A worker in a resource-advantaged country with incapacitating backache generally has another option for recourse. In most countries, the worker can seek benefits indemnified by workers’ compensation insurance, which indemnifies medical care and wage replacement for any injury that arose out of and in the course of employment and occurred by accident. Does regional backache qualify? By definition, regional musculoskeletal disorders occur in the course of activities that the worker would generally find customary and comfortable. By definition, there is no traumatic violent event. Since the region that hurts is likely to hurt more when used, can we assume that the usage that causes it to hurt more is the usage that caused it to hurt in the first place? For decades society has accepted this ‘injury’ construction for a work-related regional backache.8 The notion assumes that the biomechanical demands of tasks in the workplace are different from the demands of tasks outside of work. This ‘injury’ inference has driven 50 years of ergonomic empiricisms with no discernible impact on the incidence of disabling back pain. By contrast, so-called ‘ergonomic injuries’ now account for the majority of medical and indemnity costs incurred under workers’ compensation. Workers with chronic backache constitute the majority of those in the modern workforce who suffer long-term disability. 

This sorry state of affairs has led to an outcry for ergonomic reform and underwrites a vast array of treatment acts and treatment settings. The dialectic barely takes notice of the science that has matured in the past decade regarding the plight of the worker with a disabling regional musculoskeletal ‘injury’. This is a science that, in parallel with the science that informs the treatment of the patient with a regional musculoskeletal illness, should redirect efforts on behalf of workers who find their regional musculoskeletal disorders disabling. The culprit lurks in an adverse psychosocial context of work, not simply, if at all, the physical demands of tasks.9,10 The likely proximal cause of rendering regional backache disabling is an assault on the wherewithal to cope with the predicament by adverse factors in the organization of work, interpersonal relationships, management styles and decisions, and the like. Any innovation in workplace health and safety policy that ignores this science is as futile as its predecessors. And any treatment act afforded the worker with a disabling regional musculoskeletal disorder that ignores this science is sentenced to failure as well.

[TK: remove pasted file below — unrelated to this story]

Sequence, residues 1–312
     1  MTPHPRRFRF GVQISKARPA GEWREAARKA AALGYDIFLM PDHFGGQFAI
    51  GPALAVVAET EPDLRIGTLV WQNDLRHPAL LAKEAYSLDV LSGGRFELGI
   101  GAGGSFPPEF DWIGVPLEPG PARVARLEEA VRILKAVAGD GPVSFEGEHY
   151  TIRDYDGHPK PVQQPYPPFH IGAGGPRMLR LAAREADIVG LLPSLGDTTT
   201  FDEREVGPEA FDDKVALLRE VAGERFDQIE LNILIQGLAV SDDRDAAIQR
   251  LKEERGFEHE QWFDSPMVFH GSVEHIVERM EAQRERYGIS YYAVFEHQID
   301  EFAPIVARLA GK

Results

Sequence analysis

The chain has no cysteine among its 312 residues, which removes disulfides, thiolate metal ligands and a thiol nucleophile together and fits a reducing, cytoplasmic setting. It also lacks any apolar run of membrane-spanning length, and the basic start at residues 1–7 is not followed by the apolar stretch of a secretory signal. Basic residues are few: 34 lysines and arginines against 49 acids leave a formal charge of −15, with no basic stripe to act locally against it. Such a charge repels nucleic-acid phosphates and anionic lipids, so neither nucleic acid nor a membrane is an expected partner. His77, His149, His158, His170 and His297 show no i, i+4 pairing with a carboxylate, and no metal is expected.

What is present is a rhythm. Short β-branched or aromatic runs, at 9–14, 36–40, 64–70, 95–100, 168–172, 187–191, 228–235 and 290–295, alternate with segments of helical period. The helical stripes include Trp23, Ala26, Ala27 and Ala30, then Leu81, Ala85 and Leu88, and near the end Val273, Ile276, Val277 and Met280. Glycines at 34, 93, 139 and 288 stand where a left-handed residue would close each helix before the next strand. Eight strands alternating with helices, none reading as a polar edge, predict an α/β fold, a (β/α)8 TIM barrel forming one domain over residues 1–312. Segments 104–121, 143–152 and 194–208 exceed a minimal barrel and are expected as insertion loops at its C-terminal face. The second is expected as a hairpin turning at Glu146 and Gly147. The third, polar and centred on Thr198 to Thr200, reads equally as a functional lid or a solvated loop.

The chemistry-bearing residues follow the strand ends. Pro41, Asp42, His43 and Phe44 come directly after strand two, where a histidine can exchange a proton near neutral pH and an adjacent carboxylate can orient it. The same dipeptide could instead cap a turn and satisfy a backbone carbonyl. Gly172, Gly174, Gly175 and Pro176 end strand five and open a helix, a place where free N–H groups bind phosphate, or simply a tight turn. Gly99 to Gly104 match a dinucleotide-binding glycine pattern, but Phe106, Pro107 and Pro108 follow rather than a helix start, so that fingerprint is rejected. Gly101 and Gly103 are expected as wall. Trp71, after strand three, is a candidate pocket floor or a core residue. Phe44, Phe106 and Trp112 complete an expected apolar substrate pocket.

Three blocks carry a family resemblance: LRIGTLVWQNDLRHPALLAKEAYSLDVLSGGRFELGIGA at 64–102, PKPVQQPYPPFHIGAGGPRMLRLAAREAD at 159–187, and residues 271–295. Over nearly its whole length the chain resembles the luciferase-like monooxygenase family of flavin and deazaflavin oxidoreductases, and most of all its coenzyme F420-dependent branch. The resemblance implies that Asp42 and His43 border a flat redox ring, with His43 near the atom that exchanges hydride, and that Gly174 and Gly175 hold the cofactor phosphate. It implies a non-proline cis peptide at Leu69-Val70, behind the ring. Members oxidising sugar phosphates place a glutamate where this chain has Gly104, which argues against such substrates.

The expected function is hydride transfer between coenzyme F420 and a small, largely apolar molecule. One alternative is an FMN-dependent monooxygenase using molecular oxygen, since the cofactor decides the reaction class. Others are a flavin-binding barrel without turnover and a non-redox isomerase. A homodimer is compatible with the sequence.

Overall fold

If workers were provided the opportunity to labor in a context that is comfortable when they are well and accommodating when they are not, a discussion of the socioeconomics of backache would reflect the triumph of an enlightened society. As it stands now, the worker who finds their next backache disabling is faced with a costly and iatrogenic vortex.2,11

 

References

1 Hadler NM (2005) Occupational Musculoskeletal Disorders, edn 3. Philadelphia: Lippincott Williams & Wilkins

2 Waddell G et al. (2002) Back Pain, Incapacity for Work and Social Security Benefits: an international literature review and analysis. London: The Royal Society of Medicine Press.

3 Main CJ and Williams AC (2002) Musculoskeletal pain. BMJ 325: 534–537

4 Hoogendoorn WE et al. (2000) Systematic review of psychosocial factors at work and private life as risk factors for back pain. Spine 25: 2114–2125

5 Hadler NM (1994) The injured worker and the internist. Ann Intern Med 120: 163–164

6 Hadler NM (2003) MRI for regional back pain. Need for less imaging, better understanding. JAMA 289: 2863–2685

7 Koes BW et al. (2001) Clinical guidelines for the management of low back pain in primary care. An international comparison. Spine 26: 2504–2514

8 Hadler NM (1998) Workers’ Compensation and chronic regional musculoskeletal pain. Brit J Rheum 37: 815–818

9 Torp S et al. (2001) The impact of psychosocial work factors on musculoskeletal pain. J Occup Environ Med 43: 120–126

10 PincusTetal.(2002)Asystematicreviewof psychological factors as predictors of chronicity/ disability in prospective cohorts of low back pain. Spine 27: E109–E20

11 HadlerNM(2001)Rheumatologyandthehealthofthe workforce. Arthritis Rheum 44: 1971–1974

 

 

NM Hadler is a Professor of Medicine and Microbiology/ Immunology at the University of North Carolina at Chapel Hill, and an Attending Rheumatologist at the University of North Carolina Hospitals, in Chapel Hill, NC, USA.